Arthur Miller's "The Crucible" was his response to the level of fear and over the top reactions that McCarthyism had brought on America in the 1950s. Arthur Miller was called up for questioning by the HUAC, or House of Un-American Acts Committee, in 1956 where he was cited with contempt of Congress for refusing to name names on possible Communist sympathizers.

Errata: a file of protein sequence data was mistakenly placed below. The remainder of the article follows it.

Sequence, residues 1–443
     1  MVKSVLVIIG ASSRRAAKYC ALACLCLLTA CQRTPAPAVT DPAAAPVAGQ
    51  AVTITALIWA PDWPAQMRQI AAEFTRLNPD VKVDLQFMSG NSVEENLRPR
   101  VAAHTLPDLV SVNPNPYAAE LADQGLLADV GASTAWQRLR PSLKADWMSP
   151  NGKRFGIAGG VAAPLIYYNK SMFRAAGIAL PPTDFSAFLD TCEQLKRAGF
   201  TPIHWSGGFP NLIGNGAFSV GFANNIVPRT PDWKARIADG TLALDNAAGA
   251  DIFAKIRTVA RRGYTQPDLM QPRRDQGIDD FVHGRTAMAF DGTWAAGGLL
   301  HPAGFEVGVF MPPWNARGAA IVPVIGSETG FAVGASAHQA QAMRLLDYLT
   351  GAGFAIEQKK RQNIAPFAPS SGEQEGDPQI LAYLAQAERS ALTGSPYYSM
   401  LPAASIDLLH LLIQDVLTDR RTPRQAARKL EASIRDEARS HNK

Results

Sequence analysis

Miller's soon-to-be wife at the time, Marilyn Monroe, was another factor in the author being called up to testify. A chairman on the HUAC committee offered to dismiss Miller's trial if he had Miss Monroe take a picture with him. Miller used "The Crucible" to show the similarities between the mass fear and abuse of power in the Salem Witch Trials to parallel what was happening in the United States with McCarthyism.